mittee and have only been home in the last 3 2 weeks about 6 days, and that only on Sunday, and I received this letter.

Senator Davis. You are telling them as a Government employee rather than a manufacturer.

Mr. Hook. No, Senator, I am not. The Durable Goods Industries Committee was elected by the Code Authority of the Durable Goods Industries at the request of General Johnson, so we are simply advisory to the general, or trying to find for him an answer to some of the problems which he has before him, and I will have something to say about that with respect to this bill, too, but here is a letter which illustrates the kind of compulsion there is in the industry with respect to the employees' representatives. This was sent to me at the Mayflower Hotel. It says:

Dear Mr. Hook (from the employee representative, finishing mill): Due to the fact the committee was discussing the Wagner bill, and thought you would be interested to know how our committee felt that had worked under both plans, union and employee representation, and now we are 100 percent against the Wagner bill, and hope you are successful in defeating it, as we are very thankful of what you are doing.

Now, I had not any more idea that was coming to me than you. That is signed by the committee in the sheet mills department, representing that group of some 700 men. I think some of these men will be here tommorrow and you will have an opportunity to question them and determine for yourselves whether what I have said to you is the truth or not.

The CHAIRMAN. The letter may be inserted in the record. (The letter referred to is as follows:)

MIDDLETOWN, Ohio, March 19, 1934. DEAR MR. Hook (from the employee representative, finishing mill): Due to the fact the committee was discussing the Wagner bill, and thought you would be interested to know how our committee felt that had worked under both plans, union and employee representation, and now we are 100 percent against the Wagner bill and hope you are successful in defeating it as we are very thankful of what you are doing. Yours truly,


CHAKNUM Essig. Mr. Hook. In order to tie up what I was saying to you, I will have to duplicate what I have said.

I bring this to your attention because Mr. Green and others have stated before this committee that plans of employee representation, to which they refer as “company unions”, are dominated and controlled by company officials.

I deny the truthfulness of their statements and challenge the sup, porters of this bill to urge upon Congress a thorough and impart al investigation by a qualified congressional committee authorized 0 report upon the entire field of employment relations as contained i the petition presented to Congress at the opening of this session by the National Association of Manufacturers.

I offer this case and the articles by Harold Seidman which appeared in the Nation last August as evidence of the necessity for Congress to hold labor-union officials and their agents responsible for their acts in the same manner in which management is prohibited from practicing unfair and coercive methods. And I offer these. The CHAIRMAN. They may go into the record. (The papers referred to by Mr. Hook are as follows:)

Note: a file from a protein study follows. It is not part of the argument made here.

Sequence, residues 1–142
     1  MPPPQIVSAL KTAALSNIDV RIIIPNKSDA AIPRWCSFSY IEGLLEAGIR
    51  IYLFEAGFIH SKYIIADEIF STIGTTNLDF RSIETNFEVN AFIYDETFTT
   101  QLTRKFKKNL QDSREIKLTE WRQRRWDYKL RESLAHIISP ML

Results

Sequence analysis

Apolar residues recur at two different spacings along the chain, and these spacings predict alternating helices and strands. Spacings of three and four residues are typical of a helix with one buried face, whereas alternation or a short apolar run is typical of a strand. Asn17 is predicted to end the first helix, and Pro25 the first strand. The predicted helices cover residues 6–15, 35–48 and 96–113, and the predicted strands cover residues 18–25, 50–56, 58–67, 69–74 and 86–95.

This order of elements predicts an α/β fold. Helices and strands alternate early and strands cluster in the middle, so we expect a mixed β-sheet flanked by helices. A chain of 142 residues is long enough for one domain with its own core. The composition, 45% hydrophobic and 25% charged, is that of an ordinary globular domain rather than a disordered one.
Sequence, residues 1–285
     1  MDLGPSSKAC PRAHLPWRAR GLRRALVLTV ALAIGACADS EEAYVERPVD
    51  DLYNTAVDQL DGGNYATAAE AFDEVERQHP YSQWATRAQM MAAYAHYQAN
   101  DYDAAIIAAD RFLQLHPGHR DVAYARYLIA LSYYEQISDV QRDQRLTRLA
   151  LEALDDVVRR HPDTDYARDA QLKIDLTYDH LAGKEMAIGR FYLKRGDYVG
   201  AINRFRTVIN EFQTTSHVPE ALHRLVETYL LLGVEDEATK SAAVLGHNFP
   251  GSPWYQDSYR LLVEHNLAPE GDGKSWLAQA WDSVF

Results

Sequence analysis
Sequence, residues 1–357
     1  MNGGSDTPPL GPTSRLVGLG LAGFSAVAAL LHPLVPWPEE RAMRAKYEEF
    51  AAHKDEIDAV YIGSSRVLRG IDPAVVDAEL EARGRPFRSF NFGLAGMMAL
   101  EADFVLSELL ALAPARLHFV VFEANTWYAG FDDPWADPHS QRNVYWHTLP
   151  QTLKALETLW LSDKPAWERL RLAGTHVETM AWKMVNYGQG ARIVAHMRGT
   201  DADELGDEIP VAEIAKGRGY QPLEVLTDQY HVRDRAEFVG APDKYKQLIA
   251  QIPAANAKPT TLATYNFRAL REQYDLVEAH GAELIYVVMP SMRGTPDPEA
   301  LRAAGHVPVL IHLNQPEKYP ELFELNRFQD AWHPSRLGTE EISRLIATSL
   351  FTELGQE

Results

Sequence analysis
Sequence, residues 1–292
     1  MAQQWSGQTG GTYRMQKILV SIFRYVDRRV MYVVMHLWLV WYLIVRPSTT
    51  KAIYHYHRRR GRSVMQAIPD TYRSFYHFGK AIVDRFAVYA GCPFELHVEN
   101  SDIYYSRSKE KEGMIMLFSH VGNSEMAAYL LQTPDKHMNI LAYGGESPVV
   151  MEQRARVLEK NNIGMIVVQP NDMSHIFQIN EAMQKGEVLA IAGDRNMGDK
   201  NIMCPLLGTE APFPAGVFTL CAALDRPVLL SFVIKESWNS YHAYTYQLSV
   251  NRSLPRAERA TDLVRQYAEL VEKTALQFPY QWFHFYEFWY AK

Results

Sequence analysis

(By Harold Seidman) The National Industrial Recovery Act forces employers to be fair in their dealings with labor, but what is going to protect labor from the tyranny of corrupt leaders who have long ruled over many unions? A Tammany sachem could not do a more thorough job than the labor bosses who reign supreme by means of gangsters, graft, machine-made constitutions, and judiciously distributed patronage. Under the leadership of these unscrupulous Officials both local and international, every known type of racketeering flourishes. Most of the union czars have risen from the ranks. Once in power they are confronted by numerous temptations. They have the characteristic American love for easy money, and politicians and equally corrupt employers are willing to supply them with plenty of it in return for "favors.". Unfortunately, union leadership in this country is for the most part notoriously lacking in social conscience, and more often than not union officials use their position to further their own interests.

Tribute exacted from both the employers and union members swells the already oversized incomes of labor racketeers who, according to Federal estimates, are intrenched in 47 trades. Protesting victims are soon silenced by strong-arm squads, and the czar's political influence is usually sufficient to quash any court action. To date only two of these racketeers have been brought to justice. Sam Kaplan, president of local 306 of the Motion Picture Operators, was found guilty of coercion, and Patrick J. Commerford of the Union of Operating Engineers, a Tammany leader, ran afoul of that bugaboo of all racketeers—the income-tax law.

The salaries paid to the union officials are out of all proportion to the service they perform. Sam Kaplan, who spent 1 or 2 days a week in the union office, received $21,800 a year, and his successor, Harry Sherman, was granted a salary of $18,000. No previous president of local 306 had ever received more than $250 a year. P. J. Morrin, president of the International Association of Bridge, Structural, and Ornamental Iron Workers is paid $15,000 a year, all necessary expenses, and $12 a day for daily expenses. Louis Kaufmann, business agent of local 244 of the Motion-Picture Operators is said to receive $14,000 a year. Although the majority of the union members are now unemployed, the salaries have not been reduced during the depression.